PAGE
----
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Pikesley S.K.,University of Exeter | Godley B.J.,University of Exeter | Ranger S.,University of Exeter | Richardson P.B.,Marine Conservation Society | Witt M.J.,University of Exeter
Journal of the Marine Biological Association of the United Kingdom | Year: 2014

Concern has been expressed over future biogeographical expansion and habitat capitalization by species of the phylum Cnidaria, as this may have negative implications on human activities and ecosystems. There is, however, a paucity of knowledge and understanding of jellyfish ecology, in particular species distribution and seasonality. Recent studies in the UK have principally focused on the Celtic, Irish and North Seas, but all in isolation. In this study we analyse data from a publicly-driven sightings scheme across UK coastal waters (2003-2011; 9 years), with the aim of increasing knowledge on spatial and temporal patterns and trends. We describe inter-annual variability, seasonality and patterns of spatial distribution, and compare these with existing historic literature. Although incidentally-collected data lack quantification of effort, we suggest that with appropriate data management and interpretation, publicly-driven, citizen-science-based, recording schemes can provide for large-scale (spatial and temporal) coverage that would otherwise be logistically and financially unattainable. These schemes may also contribute to baseline data from which future changes in patterns or trends might be identified. We further suggest that findings from such schemes may be strengthened by the inclusion of some element of effort-corrected data collection. Copyright © 2014 Marine Biological Association of the United Kingdom.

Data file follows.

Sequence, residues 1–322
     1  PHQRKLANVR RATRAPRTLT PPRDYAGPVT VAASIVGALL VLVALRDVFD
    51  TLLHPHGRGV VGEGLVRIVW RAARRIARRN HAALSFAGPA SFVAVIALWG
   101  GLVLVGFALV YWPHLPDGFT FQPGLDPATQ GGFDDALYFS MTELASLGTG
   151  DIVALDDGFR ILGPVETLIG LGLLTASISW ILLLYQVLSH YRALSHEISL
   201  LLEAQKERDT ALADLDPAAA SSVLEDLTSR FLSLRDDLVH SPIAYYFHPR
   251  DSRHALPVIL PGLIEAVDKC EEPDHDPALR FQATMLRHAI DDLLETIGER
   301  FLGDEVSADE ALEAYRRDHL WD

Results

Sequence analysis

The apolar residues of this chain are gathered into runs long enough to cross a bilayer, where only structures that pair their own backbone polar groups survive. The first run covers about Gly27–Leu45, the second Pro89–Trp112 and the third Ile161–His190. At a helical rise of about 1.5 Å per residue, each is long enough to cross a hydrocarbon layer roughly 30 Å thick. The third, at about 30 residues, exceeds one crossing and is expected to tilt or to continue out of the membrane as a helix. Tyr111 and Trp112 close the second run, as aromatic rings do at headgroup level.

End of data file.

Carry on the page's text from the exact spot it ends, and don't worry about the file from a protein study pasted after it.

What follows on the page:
Brooks K.,University of York | Jeffreys G.,Aberystwyth University | Perri M.,Megaptera | Pardigon B.,Marine Conservation Society
Marine and Freshwater Research | Year: 2011

In coastal waters of several locations globally, whale sharks (Rhincodon typus) form seasonal aggregations, most of which largely comprise juvenile males of 48m length. Evaluation of the period that individuals stay within these size- and age-specific groupings will clarify our understanding of the transition between life-stages in this species and how this might affect their long-term conservation. Long-term photo-identification studies in Seychelles and Djibouti provided data to evaluate this. The Seychelles aggregation had 443 individuals averaging 5.8m identified between 2001 and 2009; however, the Djibouti aggregation comprised smaller individuals of 3.7m mean length with 297 individuals identified between 2003 and 2010. In Seychelles, 27% of individuals identified in 2001 were seen again in 2009, while in Djibouti none of the whale sharks identified in 2003 were seen in 2010, although 13% from 2004 were. This suggests that membership periods in the Djibouti aggregation are shorter than in the other juvenile aggregations, such as in Seychelles. Continued photo-identification monitoring of other Indian Ocean aggregations might in time show the next location of these young sharks' life-cycle and thereby allow development of informed national and regional management plans. © CSIRO 2011.

Sequeira A.,University of Adelaide | Mellin C.,University of Adelaide | Mellin C.,Australian Institute of Marine Science | Rowat D.,Marine Conservation Society | And 3 more authors.
Diversity and Distributions | Year: 2012